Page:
Some investments are being reconsidered - An Interview with Mr. Koeppel (Part 01)

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Markus Schmalz, journalist with German HK magazine, and Jürgen Köppel, Eumabois President and Leitz CEO, talked about topics challenging and influencing the woodworking industry. In the first part of the interview, they reviewed the impact of the Corona virus on our industry, whereas in the second part, they analyze trends and innovations that are supported by Eumabois on the European level.

Köppel am Tisch

Juergen Koeppel - Eumabois President

Mr. Koeppel, this conversation takes place at the end of April. It is important to make it clear because the situation has been changing daily due to the Coronavirus pandemic. At the beginning of this year, would you have ever thought that a virus would be able to turn the entire world upside-down in a matter of a few weeks?

Naturally, like many people and governments worldwide, I had given little thought to the fact that a virus would be able to dramatically affect our entire private and economic lives in such a short time. When the news in our country started to provide the first reports from Wuhan about coronavirus, many of us believed that the threat was not yet truly real. Personally, things changed remarkably when our Chinese manager informed me about the situation regarding our manufacturing plant in China.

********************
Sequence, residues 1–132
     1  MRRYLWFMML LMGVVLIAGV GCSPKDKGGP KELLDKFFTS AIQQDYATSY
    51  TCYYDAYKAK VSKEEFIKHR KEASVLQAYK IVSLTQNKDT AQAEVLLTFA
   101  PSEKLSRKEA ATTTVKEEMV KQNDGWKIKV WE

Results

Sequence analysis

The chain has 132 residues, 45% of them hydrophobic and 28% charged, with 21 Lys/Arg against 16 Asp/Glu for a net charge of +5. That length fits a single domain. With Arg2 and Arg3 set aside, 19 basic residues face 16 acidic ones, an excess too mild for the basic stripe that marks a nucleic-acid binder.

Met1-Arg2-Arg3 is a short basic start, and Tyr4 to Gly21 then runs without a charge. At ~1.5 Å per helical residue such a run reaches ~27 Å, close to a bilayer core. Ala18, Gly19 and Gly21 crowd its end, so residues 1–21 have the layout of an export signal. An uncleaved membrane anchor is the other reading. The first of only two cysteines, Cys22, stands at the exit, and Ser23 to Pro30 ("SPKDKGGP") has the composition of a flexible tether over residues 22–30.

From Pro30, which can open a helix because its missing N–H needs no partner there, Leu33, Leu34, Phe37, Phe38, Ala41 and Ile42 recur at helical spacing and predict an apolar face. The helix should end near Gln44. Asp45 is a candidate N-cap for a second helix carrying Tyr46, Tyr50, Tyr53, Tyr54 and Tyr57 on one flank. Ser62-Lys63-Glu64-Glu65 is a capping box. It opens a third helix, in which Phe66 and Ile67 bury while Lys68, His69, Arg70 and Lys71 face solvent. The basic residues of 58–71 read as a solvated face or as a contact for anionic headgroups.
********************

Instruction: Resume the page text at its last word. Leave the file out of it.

What did you discuss with your manager?

We jointly developed the emergency response plans to ensure safety of our Chinese sites and workers. We had to quickly switch to a crisis-management mindset, which however turned out to be helpful to my colleagues and myself in other countries too.

As President of Eumabois and CEO of Leitz, how have you been coping with the past few weeks?

I am happy to say that thanks to our plant in China, we could have some time in advance to prepare at least a bit for coronavirus and the subsequent massive restrictions in other countries, that is say to the extremely severe consequences. As CEO of Leitz, together with my colleagues and the management team, we have been confronted with worldwide situations that have been changing daily over the past few weeks. On the one hand, we adopted all the necessary measures to protect our workers as best as we could. On the other hand, we also set up processes to go on supporting our customers safely through our service and tools. Given the circumstances, it has been a huge challenge.

How deeply has the coronavirus-induced lockdown hit the European manufacturers of woodworking machinery so far?

By all means, the pandemic’s consequences are of the most different kinds and they depend, amongst other, on how each individual state had to respond to coronavirus. The situation seems to be particularly critical in Italy. Luckily, Germany has so far been spared such massive and drastic interventions such as a total lockdown. We can only hope to jointly succeed in preventing such drastic measures from becoming necessary through our behavior.

It appears that there are major differences amongst companies as far as their workload is concerned. Whilst some had to bring down their manufacturing capacity, others go on producing on a normal scale. Does this depend on the product portfolio, on the business sectors of their customers? Which are the factors that play a role in this respect?